Are you implying that this market is not driven by demand? That without manipulation of interest rates there would be no market?

Drrayjo - your coloured lines are very pretty. Pretty, but patently meaningless. Are you relating them in some way to the London property market?

Underpressuretobuy, as I said, affordability plays its part in the scale and rapidity of appreciation, but it does not drive the fundamental market.

Your scenarios are pure fantasy, but I'll indulge you. Of course large scale economic changes affect prices, and I have quoted many economic factors that do so.

Burned Out and Johnny Cash, I tire of reiterating the same facts when your empty contradictions carry no evidence to counter my argument. You carry on laughing, and we'll just have to see who makes it to the bank.

Liquid - indeed, by positive, I mean upwardly mobile. Whether this is indeed a good thing all round is debatable, and I for one would welcome a general cooling of the economy and less hyperbole in the property market, whether in the capital or the country as a whole.

Yeah . . . What he said :lol:

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Debtfree, the London market (for all the reasons I have stated) needs no boosting.

Doubtless, without such tactics, prices may not have risen so far so fast, but are you seriously saying that there is no supply deficit of accommodation in the capital?

Are you implying that this market is not driven by demand? That without manipulation of interest rates there would be no market?

Underpressuretobuy, as I said, affordability plays its part in the scale and rapidity of appreciation, but it does not drive the fundamental market.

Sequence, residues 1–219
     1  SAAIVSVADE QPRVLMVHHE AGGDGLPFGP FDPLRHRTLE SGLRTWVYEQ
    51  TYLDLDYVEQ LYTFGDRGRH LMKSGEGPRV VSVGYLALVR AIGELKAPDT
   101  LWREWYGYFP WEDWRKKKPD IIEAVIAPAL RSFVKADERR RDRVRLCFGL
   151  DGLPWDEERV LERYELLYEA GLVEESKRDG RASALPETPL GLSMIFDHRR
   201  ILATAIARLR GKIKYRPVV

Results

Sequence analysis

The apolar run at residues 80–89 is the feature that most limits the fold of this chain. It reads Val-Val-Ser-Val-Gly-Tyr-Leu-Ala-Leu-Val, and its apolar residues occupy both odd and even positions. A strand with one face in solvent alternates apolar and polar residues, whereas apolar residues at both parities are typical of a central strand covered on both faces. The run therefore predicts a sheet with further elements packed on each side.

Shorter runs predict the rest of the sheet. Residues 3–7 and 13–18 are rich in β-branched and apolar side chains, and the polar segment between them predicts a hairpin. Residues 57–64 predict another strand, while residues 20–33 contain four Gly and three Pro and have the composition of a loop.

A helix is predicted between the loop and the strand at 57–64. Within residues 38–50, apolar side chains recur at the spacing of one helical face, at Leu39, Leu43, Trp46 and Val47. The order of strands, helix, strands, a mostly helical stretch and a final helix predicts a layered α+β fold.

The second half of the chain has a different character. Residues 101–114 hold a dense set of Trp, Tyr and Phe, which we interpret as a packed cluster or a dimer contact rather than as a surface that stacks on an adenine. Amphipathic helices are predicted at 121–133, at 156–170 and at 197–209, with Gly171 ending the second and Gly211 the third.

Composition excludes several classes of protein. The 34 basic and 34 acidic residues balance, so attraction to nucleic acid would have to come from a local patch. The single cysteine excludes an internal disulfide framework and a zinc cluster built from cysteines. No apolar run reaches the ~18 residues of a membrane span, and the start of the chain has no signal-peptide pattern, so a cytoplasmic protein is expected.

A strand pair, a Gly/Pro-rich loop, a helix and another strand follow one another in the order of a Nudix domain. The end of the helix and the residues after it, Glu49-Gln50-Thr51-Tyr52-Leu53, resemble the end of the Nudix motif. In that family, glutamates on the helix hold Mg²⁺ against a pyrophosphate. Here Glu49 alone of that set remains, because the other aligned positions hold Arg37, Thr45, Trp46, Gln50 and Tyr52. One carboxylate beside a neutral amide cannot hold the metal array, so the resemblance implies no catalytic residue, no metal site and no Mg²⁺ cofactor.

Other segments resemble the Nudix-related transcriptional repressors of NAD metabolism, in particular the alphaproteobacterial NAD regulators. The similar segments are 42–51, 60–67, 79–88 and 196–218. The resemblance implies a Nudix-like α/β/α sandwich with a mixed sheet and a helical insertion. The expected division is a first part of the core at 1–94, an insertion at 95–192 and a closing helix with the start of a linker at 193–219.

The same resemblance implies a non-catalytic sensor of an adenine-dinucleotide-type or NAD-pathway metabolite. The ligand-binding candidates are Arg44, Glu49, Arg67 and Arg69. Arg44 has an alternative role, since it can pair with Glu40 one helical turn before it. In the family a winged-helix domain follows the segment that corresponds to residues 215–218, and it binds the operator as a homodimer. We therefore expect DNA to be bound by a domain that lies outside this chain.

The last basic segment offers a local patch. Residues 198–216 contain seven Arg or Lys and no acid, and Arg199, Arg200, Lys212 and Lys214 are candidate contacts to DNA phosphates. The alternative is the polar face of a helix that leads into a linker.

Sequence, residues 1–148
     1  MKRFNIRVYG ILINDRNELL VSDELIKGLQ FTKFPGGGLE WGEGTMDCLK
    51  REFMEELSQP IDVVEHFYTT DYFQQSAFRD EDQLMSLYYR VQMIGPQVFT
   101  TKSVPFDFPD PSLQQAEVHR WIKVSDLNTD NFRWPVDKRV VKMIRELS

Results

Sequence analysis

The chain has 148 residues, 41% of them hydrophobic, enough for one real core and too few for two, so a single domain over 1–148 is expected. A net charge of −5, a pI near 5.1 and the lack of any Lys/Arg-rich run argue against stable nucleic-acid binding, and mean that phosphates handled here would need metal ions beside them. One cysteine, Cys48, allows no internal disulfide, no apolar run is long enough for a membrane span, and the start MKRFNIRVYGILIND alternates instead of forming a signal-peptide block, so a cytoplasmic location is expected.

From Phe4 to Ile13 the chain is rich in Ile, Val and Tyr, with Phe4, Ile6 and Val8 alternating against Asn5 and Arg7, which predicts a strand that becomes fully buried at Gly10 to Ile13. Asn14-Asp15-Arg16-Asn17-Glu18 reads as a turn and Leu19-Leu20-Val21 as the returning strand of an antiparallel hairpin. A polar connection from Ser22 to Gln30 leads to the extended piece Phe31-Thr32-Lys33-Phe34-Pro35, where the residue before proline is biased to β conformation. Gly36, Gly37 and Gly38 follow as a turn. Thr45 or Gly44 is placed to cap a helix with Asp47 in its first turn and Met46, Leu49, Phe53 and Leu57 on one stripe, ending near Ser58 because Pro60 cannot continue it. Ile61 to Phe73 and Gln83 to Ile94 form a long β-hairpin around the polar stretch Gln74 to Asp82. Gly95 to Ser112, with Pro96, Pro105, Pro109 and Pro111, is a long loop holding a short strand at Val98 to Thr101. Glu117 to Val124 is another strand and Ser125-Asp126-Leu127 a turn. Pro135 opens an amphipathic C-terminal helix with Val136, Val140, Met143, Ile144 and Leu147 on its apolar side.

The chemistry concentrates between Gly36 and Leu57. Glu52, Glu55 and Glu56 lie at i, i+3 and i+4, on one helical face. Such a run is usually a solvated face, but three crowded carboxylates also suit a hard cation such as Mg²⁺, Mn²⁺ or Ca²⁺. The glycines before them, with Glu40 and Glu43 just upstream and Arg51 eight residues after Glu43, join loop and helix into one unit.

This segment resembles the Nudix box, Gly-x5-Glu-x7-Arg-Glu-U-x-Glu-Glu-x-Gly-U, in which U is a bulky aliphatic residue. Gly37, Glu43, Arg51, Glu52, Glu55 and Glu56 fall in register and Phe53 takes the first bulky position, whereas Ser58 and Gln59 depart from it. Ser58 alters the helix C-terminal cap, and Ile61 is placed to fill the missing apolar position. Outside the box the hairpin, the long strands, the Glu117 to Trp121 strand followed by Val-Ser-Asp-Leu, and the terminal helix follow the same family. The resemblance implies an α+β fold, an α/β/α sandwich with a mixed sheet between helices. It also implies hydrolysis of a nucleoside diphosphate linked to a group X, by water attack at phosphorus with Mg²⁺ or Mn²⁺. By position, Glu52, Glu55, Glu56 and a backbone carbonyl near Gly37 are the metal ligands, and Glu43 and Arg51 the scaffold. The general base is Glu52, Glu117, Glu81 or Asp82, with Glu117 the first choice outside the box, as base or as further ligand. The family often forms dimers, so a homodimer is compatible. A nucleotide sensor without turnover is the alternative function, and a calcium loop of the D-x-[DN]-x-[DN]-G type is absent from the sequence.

Your scenarios are pure fantasy, but I'll indulge you. Of course large scale economic changes affect prices, and I have quoted many economic factors that do so.

If HPI has been driven by a supply deficit of accomodation in the capital why has the property market boomed throughout the UK, even in areas of the North of England where the population is declining?

Please can you give me your definition of demand, what do you mean when you use this word?

I only ask because some people seem to have different ideas about what it means.

My scenarios were intended to be fantasy but you missed a serious point that a large scale economic change has already happened.

It occurred after 9/11 and it was the relaxation of credit.

It certainly did affect prices and it has had a much bigger effect on this property boom than some future promise of regeneration in Stratford.

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....less hyperbole in the property market, whether in the capital or the country as a whole.